Amaranth—Ancient Seed Meets Modern Nutritional Needs
Amaranth is a tiny caviar-sized seed with a vibrant, peppery taste. Just one-quarter cup of these seeds (uncooked) contains a 75 milligrams of calcium, 3.8 grams of iron and 7 grams of protein. It’s higher in protein than most grains, and is gluten free, so it’s a good choice for those with gluten intolerance.

Amaranth was a staple in the diet of the ancient Incas and the Aztecs. Because of its inclusion in some sacrificial, religious rituals of the natives, Spanish conquistadors banned amaranth, hoping that would end the rituals. The growing and harvesting of amaranth then fell into obscurity, save for in tiny, remote mountainous villages in the Andes and Mexico.

Amaranth was recently saved from near extinction due to an increased interest in nutritious, ancient grains. The superior nutritional benefits of amaranth have brought it back into favor, especially in the natural food stores and health-food products.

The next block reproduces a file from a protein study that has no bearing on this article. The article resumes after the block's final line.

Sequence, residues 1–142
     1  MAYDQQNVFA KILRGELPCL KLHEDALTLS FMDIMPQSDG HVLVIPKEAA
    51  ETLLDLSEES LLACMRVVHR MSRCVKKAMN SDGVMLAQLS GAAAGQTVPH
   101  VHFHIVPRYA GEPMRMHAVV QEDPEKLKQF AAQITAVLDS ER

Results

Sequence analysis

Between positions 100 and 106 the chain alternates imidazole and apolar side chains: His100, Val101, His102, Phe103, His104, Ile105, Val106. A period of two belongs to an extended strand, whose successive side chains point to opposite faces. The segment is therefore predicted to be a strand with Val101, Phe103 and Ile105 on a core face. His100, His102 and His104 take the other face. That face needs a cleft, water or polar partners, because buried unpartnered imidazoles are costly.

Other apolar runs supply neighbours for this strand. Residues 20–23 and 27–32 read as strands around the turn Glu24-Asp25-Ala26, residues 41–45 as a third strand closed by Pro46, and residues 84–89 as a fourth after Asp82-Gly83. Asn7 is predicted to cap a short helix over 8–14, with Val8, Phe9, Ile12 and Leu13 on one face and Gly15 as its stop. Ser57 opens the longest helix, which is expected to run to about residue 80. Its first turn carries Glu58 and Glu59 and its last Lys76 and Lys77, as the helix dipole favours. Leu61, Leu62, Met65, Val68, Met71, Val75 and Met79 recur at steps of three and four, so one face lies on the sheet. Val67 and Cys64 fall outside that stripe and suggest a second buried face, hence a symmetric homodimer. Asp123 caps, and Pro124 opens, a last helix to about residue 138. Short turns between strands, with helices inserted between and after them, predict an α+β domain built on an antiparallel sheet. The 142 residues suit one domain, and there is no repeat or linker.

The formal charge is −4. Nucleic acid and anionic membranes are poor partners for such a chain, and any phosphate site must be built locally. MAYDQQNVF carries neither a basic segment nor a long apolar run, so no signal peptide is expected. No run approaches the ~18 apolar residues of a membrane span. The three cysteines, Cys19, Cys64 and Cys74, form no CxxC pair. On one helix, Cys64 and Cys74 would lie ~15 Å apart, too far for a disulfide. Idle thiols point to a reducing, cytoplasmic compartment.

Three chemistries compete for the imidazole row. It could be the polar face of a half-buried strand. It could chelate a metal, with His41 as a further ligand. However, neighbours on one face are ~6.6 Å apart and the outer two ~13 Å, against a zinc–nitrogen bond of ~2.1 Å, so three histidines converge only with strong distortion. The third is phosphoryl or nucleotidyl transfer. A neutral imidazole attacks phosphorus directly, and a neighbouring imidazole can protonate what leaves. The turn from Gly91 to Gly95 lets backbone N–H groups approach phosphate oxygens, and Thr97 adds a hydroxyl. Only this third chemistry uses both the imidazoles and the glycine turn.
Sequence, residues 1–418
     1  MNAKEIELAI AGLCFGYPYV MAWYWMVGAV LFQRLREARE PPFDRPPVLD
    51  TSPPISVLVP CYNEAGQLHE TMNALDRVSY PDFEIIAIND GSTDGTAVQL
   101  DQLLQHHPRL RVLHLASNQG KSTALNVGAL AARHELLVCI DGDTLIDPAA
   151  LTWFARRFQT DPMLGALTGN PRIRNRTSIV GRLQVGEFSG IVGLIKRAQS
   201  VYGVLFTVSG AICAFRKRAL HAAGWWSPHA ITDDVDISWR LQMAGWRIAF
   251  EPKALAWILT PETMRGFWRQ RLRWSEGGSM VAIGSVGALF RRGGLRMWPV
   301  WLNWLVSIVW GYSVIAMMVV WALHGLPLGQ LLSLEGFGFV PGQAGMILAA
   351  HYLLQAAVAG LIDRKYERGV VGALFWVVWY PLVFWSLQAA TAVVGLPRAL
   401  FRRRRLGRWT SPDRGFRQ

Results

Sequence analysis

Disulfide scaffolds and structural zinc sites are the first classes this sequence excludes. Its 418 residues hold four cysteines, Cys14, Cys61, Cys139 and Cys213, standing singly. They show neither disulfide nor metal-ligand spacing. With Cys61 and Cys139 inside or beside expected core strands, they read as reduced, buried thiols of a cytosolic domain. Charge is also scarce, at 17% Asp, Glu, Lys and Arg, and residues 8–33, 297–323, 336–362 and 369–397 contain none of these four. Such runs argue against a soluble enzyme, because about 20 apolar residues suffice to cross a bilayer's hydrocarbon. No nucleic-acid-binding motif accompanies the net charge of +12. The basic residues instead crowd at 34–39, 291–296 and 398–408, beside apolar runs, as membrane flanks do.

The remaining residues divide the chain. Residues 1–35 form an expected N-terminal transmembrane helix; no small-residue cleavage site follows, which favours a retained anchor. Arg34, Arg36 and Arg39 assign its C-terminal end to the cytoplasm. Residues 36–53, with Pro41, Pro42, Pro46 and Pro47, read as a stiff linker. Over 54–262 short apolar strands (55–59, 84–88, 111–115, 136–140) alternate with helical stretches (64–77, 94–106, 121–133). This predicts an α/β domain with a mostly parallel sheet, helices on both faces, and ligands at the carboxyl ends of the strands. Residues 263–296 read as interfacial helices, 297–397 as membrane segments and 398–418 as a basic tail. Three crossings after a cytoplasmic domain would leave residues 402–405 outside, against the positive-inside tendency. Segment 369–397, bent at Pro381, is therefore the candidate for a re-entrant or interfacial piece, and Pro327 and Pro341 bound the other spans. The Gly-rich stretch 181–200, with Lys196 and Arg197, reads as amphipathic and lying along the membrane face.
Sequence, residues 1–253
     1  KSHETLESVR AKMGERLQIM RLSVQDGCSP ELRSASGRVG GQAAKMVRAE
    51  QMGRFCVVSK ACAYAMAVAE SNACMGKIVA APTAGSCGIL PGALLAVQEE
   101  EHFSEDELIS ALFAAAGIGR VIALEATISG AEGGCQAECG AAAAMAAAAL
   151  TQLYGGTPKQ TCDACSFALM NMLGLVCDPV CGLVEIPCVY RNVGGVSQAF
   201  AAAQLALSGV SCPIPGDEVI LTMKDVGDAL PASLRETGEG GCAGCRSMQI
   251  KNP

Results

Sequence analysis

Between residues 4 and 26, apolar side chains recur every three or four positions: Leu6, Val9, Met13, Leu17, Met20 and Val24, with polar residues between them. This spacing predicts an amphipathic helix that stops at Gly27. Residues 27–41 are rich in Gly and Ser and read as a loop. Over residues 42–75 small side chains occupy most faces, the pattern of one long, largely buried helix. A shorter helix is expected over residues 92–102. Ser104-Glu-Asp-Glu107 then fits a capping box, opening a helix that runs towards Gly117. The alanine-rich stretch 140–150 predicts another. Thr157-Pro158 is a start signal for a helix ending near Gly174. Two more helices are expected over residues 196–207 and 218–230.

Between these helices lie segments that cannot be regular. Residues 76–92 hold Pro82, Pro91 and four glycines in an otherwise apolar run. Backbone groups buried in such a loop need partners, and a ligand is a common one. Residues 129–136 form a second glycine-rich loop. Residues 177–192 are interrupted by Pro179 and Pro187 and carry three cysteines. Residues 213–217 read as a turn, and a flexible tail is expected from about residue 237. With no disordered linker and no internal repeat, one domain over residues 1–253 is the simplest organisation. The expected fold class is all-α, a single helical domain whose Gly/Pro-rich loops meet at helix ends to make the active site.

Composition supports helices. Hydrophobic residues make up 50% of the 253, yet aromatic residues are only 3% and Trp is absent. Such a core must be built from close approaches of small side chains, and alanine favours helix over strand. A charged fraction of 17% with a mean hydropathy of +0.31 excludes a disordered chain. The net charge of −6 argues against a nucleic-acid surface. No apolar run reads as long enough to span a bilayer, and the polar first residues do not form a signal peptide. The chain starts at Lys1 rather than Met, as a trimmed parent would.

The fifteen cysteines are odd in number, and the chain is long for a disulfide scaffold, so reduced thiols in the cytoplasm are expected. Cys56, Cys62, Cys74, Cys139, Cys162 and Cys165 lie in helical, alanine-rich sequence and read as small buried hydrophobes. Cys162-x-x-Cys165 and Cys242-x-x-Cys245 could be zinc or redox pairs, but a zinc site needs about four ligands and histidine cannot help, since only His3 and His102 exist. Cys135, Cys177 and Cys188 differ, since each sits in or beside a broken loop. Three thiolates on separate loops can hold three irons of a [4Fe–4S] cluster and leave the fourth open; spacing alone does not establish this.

Amaranth can be cooked as a cereal, ground into flour, popped like popcorn, sprouted, or toasted. The seeds can be cooked with other whole grains, added to stir-fry or to soups and stews as a nutrient dense thickening agent. Amaranth flour is also used in making pastas and baked goods. DeBoles Ancient Grain Penne (link back to product page) incorporates this highly nutritious grain into a tasty, easy to use pasta rich flavor and nutrition.


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